The FDA has not yet proposed to ban flavors, which some anti-smoking advocates say appeal to kids, nor have they banned internet sales or advertising of e-cigarettes. And the FDA has given electronic cigarette companies a two-year window after the regulations go into effect to keep their products on the market while they apply to register new products.

Currently, it is illegal for e-cigarette companies to make health claims that their products are healthier than regular cigarettes or can help people quit—a question that needs more thanks to a court decision ruling in 2009. But in today’s deeming regulations, the FDA opened a pathway for companies to make health claims by submitting supporting research to the FDA.

“I suspect that many companies are going to take a run at that,” says Martin.

The proposals are really just a starting point. Mitchell Zeller, the director of the Center for Tobacco Products at the FDA, called the proposed rules “foundational” today in a call with reporters, signaling that future regulations could ban or restrict things like internet sales, flavors, or advertising. And after the first two year grace period, e-cigarettes will still be subject to potentially long application processes for new products that might hurt business, say manufacturers.

“It’s not time for a victory lap,” says Martin. “A lot can change.”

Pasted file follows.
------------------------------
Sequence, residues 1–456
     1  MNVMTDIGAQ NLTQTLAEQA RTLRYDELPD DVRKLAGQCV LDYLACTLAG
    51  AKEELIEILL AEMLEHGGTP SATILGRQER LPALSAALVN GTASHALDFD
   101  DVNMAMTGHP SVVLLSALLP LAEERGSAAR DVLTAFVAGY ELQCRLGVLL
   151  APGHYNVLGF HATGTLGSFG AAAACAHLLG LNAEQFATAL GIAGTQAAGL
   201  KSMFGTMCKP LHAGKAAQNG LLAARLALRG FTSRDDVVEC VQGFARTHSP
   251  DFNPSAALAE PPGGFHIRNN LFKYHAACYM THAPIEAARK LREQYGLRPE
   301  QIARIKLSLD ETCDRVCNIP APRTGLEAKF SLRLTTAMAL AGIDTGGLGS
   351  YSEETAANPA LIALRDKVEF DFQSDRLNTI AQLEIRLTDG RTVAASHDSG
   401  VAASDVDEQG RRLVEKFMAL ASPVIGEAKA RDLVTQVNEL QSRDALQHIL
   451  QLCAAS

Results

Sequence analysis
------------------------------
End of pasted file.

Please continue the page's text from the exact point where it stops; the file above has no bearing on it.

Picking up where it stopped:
TIME Addiction

5 Sketchy Things We Still Don’t Know About E-Cigarettes

The FDA has cracked down on e-cigs by asserting its regulatory power and proposing a ban on sales to minors

On Thursday, the U.S. Food and Drug Administration (FDA) flexed its regulatory muscles and extended its authority over more tobacco products, including the highly debated electronic cigarettes, or e-cigarettes. In the announcement, the agency said it now has jurisdiction over items that meet the statutory definition of tobacco products—which includes e-cigarettes, pipe tobacco, and hookah tobacco, among others. The FDA says it also plans to crack down on e-cigarettes by proposing a ban of their sale to people under 18 and by requiring health warnings on packaging.

The UK already has stiff regulations on e-cigarettes and some cities in the U.S., like Los Angeles, have banned them in several public places. The trouble with e-cigarettes is that they are so new, and there’s not enough evidence to definitively determine either how effective they are at helping people quit smoking—or the health risks associated with inhaling vaporized nicotine. Here are five things we are still scratching our heads over.

1. Do e-cigarettes actually help people quit—or are they a gateway for new smokers?
Some e-cigarette brands claim that they can help people wean themselves off regular cigarettes by supplying would-be quitters with nicotine (but without the carcinogens in conventional cigarette smoke). However, recent research is questioning whether they really help people quit. A recent study published in the journal JAMA Internal Medicine looked at self-reports from 949 smokers–88 of whom used e-cigarettes at the start of the study–in order to determine if e-cigarettes were helping people kick or cut back on nicotine. Researchers found that e-cigarettes did not help people quit, concluding, for now at least, that the case for e-cigarettes as a cessation tool is flimsy at best. (The study size was small, signaling a need for more research.)